Dynamic predicates and physical memory in use

I have got a problem with the physical memory in use by SWI prolog when asserting and then retracting clauses. In a nutshell, when I retract asserted clauses, the physical memory in use does not decrease. This is a problem when asserting and retracting a large number of clauses and the program is not meant to terminate (in an online setting using a server for instance).

Here an example:

:- dynamic myRelation/2.

test(N) :-
    retractall(myRelation(_, _)),
    retractall(myRelation(_, _)), !.

loopAssert(N) :-
    asserta(myRelation(N, Time)),
    M is N-1,

loopFind(N) :-
    myRelation(N, _Time),
    M is N-1,

If I query “test(10000000)”, then I can see that at the termination of the program the physical memory in use does not decrease. By opening windows 10 Task Manager, I can see that 2,076 MB of memory remains in use at termination, and it stays like this. May I kindly as: why? And is there any workaround?

I’m using: SWI-Prolog version 8.2.3.

What happens if you call garbage_collect_clauses/0 ?

You can also see what SWI-Prolog thinks has been used with statistics/0 or statistics/2 (e.g., cgc_gained, heapused).

If I call garbage_collect_clauses/0, then the problem is solved :slight_smile:

Thank you so much Peter!

Edit: Actually, it works “sometimes”! Sometimes the memory in use decreases (back to normal I guess), sometimes it does not. That is very mysterious.

Interestingly, if I make another query such as “allo.” after the first query then the clause is said to be unknown of course, but the thread/program seems to “wake up” in some sense and the physical memory in use decreases. Is there any explanation for that?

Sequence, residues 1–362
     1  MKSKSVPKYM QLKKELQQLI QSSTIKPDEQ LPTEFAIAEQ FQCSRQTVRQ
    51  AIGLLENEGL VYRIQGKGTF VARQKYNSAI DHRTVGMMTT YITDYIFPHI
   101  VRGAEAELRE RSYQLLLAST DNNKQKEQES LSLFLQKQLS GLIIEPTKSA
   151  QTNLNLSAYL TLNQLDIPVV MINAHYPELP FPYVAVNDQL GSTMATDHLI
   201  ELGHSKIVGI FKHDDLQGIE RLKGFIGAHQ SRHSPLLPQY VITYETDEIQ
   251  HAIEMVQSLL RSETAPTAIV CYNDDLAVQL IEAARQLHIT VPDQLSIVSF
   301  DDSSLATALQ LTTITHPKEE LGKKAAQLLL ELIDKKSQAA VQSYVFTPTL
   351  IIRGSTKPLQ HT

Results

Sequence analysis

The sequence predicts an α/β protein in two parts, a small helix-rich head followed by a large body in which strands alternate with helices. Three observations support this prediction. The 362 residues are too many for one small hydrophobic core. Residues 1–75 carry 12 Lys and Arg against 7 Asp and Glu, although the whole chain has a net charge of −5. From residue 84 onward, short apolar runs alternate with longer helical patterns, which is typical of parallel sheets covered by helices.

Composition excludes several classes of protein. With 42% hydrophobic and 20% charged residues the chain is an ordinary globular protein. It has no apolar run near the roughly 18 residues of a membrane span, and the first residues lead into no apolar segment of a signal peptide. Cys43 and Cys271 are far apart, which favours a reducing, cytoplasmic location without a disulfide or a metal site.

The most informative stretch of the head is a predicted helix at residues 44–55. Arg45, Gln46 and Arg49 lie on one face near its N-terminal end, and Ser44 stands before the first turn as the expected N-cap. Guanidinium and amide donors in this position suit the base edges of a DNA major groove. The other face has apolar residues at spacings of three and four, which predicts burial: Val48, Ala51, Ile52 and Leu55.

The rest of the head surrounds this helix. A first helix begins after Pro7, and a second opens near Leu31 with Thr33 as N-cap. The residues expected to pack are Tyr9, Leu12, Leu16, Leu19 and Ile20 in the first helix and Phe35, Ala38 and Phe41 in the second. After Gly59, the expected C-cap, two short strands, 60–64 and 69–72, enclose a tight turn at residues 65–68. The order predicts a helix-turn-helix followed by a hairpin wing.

O’Keefe has a section on memory use an deallocation in the crafts book and distinguishes between structure sharing and structure copying prolog systems.

In structure sharing systems deallocation is more complex and sometimes unclear.

Which, kind of system is swi-prolog?


Well, it calls the very same garbage collector automatically at times. This is based on memory statistics and runtime counting of erased clauses that slow down clause lookup. If either is above some threshold a signal is sent to the gc thread to perform clause GC. Something similar happens for atoms. The total result in OS terms also depends a lot on the malloc() implementation used. See old posts on tcmalloc on this forum. There are, AFAIK, no permanent leaks related to the dynamic database.

Thank you for the explanation, and the tcmalloc pointer.

I understand that there are no simple solutions here, or are there any workarounds to this problem? What would be the simplest thing to do? What would you recommend?

Typically, everything should just work. On some workloads you may need a better allocator than the default OS one. In some very rare cases you may wish to call garbage_collect_clauses/0 to collect more aggressively than the default.

Note that very intensive use of assert/retract is typically not a good idea. In most cases there are better alternatives.